Furthermore are there times when it’s better to withhold small charitable donations until the future when one can make a larger impact? For example, my friend (going to law school) currently doesn’t give to charity. However he made a pledge that once he becomes a lawyer and reaches a yearly salary of $250k, he will donate $10k every single year. If he had spent his time and money on small charitable causes, he may not have been able to focus getting into law school and potentially earn the salary required to make much larger donations in the future.

There are numerous charitable organizations, but we can’t donate to them all. It’s important to look at the bigger picture because our good intentions don’t always lead to the most favourable outcomes. Charity is more than just being nice. It’s about solving problems.

Categories: Global, Life

UBC Exam Scheduling

February 7, 2012 4 comments

A few candidates running for the UBC AMS elections lobbied to have administration release the exam schedule earlier, specifically before the course add/drop deadline. They cited the need to better plan family affairs and student control of their schedule. While there’s no harm in releasing the schedule earlier, it shouldn’t be released before the course add/drop deadline.

Have you considered why UBC releases the schedule relatively late? In comparison, SFU students know their exam schedule when they register for courses so there must be some reason for this big difference right?

It’d be great if someone can confirm/refute this, but I think UBC releases the exam schedule relatively late because it uses an algorithm to determine the most favourable exam schedule for the greatest number of students (by favourable I mean no exam hardships, clashes etc…). Students should be signing up for courses that they want to take as opposed to taking courses that fit a convenient exam schedule. Some important dates to take note of…

  • UBC course add/drop deadline: January 16
  • UBC exam schedule released: February 3
  • UBC exam period: April 11 to April 25

Hypothetical situation 1: Let’s say students knew before registering, that Bioc 302 and Fren 112 exams were at the same time on the same day, but (for some random reason) 100 students wanted to take both courses. Since the schedule was released early, UBC is going to have to process 100 separate applications of exam conflict forms. However if UBC had known in advance that many students were going to take both courses, it could have scheduled the exams to avoid this conflict because student timetables are finalized after the add/drop deadline.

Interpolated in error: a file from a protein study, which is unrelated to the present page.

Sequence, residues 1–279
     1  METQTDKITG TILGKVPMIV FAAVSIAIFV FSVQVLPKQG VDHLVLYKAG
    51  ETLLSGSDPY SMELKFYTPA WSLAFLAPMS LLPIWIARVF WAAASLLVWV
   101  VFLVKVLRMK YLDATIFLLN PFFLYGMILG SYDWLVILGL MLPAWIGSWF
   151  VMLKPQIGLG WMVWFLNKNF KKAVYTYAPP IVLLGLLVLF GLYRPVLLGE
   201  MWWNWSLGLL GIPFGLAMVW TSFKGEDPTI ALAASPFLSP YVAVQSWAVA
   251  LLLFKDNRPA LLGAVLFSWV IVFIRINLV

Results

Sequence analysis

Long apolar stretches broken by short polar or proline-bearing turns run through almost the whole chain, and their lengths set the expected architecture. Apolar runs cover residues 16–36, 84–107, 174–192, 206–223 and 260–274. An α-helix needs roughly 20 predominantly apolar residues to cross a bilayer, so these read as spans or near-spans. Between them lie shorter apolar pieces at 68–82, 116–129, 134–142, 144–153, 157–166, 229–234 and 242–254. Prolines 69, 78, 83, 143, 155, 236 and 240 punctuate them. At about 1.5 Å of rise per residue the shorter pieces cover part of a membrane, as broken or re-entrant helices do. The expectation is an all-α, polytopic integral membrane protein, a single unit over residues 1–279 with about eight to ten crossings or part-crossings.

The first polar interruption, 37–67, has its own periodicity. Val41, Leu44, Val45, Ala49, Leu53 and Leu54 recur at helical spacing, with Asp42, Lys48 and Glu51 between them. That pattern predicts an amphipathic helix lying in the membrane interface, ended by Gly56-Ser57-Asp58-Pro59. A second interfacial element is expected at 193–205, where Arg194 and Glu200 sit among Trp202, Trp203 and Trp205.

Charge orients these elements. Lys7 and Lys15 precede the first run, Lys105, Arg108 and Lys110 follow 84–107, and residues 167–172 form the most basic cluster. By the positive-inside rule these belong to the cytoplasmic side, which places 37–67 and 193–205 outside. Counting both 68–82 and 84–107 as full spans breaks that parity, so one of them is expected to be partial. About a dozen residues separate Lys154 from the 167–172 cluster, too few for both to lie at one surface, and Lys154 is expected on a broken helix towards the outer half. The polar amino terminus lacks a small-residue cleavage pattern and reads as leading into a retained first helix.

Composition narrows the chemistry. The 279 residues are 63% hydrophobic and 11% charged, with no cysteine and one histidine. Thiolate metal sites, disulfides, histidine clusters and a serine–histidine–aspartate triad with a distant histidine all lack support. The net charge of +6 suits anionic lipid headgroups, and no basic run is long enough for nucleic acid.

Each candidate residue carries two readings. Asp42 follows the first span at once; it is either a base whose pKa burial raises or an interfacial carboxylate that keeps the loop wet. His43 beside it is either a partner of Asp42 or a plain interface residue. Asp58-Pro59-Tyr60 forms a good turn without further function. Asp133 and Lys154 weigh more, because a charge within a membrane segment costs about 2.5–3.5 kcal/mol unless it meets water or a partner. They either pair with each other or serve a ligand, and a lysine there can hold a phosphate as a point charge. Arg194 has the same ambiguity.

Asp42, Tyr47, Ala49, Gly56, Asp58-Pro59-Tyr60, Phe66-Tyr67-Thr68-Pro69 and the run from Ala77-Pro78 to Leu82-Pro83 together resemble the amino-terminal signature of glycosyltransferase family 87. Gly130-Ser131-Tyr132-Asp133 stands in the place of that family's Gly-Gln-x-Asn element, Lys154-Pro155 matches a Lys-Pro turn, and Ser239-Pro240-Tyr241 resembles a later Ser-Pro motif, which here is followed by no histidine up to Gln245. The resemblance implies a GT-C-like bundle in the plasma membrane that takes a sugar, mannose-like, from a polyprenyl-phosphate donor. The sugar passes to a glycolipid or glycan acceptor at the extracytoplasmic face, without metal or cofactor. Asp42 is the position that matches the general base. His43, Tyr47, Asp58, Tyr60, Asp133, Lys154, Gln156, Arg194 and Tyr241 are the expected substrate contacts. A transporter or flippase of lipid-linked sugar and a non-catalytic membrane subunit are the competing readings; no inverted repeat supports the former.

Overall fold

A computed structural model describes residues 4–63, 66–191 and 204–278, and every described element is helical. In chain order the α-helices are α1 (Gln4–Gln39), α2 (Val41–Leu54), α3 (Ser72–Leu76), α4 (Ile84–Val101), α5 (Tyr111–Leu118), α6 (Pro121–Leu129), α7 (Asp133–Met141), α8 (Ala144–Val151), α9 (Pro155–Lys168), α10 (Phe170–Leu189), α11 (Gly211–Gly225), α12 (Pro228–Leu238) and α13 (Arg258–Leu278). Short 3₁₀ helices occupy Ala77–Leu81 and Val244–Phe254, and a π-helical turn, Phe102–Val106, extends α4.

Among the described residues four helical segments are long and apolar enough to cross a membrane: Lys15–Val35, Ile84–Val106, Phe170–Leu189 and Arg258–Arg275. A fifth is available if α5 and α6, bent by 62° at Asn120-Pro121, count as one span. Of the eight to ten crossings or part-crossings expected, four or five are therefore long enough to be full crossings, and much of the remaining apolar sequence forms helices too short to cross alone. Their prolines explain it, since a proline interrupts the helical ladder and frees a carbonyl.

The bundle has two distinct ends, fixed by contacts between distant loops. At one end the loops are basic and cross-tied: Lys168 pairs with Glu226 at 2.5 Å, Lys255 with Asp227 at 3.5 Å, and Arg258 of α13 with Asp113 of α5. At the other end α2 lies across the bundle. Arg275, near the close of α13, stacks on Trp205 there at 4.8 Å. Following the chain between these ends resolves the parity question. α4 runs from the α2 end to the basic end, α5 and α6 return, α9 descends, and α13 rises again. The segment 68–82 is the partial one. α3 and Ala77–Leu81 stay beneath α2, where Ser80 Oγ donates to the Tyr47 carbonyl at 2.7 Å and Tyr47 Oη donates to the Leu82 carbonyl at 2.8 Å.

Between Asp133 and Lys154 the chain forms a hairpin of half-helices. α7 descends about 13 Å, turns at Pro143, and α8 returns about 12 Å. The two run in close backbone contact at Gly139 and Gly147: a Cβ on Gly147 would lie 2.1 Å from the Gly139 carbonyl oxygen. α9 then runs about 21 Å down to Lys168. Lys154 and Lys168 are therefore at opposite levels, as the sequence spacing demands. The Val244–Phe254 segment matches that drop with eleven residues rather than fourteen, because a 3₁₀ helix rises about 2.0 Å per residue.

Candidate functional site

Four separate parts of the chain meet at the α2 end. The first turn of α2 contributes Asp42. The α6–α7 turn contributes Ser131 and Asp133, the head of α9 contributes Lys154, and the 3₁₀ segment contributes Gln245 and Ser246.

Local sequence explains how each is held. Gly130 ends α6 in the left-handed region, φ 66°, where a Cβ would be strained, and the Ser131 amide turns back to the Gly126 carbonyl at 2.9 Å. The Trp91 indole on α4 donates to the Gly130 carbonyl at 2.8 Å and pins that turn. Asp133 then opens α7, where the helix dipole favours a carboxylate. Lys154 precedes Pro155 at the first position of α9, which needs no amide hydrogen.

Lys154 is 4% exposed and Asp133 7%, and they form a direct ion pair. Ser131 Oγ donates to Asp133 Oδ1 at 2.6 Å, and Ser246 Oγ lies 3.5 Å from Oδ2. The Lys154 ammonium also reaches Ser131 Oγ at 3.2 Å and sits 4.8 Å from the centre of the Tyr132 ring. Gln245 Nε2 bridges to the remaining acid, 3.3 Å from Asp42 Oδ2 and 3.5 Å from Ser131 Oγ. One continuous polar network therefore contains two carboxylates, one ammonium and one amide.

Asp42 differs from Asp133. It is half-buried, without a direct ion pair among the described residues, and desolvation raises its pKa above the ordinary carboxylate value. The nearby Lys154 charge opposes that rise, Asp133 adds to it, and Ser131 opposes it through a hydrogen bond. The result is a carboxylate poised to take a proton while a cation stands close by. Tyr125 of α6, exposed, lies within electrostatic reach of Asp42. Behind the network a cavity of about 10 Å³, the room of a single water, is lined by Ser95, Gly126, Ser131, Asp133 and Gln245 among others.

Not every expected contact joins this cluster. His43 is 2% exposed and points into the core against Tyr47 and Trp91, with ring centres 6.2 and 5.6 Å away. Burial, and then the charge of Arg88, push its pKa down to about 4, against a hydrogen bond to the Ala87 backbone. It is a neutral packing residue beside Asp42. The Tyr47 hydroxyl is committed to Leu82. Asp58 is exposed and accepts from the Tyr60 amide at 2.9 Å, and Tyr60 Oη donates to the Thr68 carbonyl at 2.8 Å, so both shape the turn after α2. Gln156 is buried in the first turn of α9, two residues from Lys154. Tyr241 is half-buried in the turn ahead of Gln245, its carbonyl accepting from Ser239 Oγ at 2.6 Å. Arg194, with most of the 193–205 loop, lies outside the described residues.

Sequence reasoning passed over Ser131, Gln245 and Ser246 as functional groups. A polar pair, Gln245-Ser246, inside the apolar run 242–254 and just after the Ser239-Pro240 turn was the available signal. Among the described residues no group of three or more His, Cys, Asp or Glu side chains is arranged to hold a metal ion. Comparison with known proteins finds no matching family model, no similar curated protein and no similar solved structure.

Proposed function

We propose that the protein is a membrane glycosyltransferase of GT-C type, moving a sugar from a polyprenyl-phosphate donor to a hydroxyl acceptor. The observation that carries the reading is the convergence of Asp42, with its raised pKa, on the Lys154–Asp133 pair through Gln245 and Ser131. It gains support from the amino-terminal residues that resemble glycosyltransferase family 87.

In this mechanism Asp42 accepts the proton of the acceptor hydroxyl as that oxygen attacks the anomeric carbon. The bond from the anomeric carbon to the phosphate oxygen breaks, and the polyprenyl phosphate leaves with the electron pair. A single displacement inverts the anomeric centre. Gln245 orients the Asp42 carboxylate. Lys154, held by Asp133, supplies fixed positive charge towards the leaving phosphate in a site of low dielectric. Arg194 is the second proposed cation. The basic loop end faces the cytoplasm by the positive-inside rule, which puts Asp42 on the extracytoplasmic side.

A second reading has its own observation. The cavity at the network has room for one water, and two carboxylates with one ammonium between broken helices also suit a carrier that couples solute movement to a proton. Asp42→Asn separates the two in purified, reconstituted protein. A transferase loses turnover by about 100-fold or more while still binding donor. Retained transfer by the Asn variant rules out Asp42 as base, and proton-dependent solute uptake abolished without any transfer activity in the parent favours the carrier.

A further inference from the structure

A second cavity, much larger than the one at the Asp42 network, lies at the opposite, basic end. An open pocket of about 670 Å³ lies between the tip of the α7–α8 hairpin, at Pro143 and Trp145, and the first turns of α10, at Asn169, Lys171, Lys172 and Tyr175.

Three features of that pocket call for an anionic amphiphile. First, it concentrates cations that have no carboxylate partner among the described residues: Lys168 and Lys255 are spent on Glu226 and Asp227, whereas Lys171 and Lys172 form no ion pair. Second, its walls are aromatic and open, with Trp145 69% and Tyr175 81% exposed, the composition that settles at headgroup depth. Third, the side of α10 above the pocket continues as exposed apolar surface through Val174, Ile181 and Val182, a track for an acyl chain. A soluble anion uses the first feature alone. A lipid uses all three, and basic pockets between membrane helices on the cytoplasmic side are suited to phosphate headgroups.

Hypothetical situation 2: Let’s say you had to make early travel/family/surgery arrangements so on Jan 10 you book plane tickets for April 20 since you know that’s the last day of your exams. However two days later, you realize that you had to take a prerequisite (say Psyc 100) and that exam is on April 24. Now you go shit, even though I waited until the exam schedule is released before booking travel plans, I didn’t realize my timetable would change.

Even if the schedule is released earlier, students can’t make travel plans until after Jan 16 when they know their timetable is 100% finalized. Although there is a greater control of travel plans if the exam schedule is released earlier, students will lose a lot of freedom (or perceive a loss of freedom) when registering for courses. There are very few things (if at all anything) that should compromise what a student wants to study at UBC. The final exam schedule is not one of them.

Categories: Education, UBC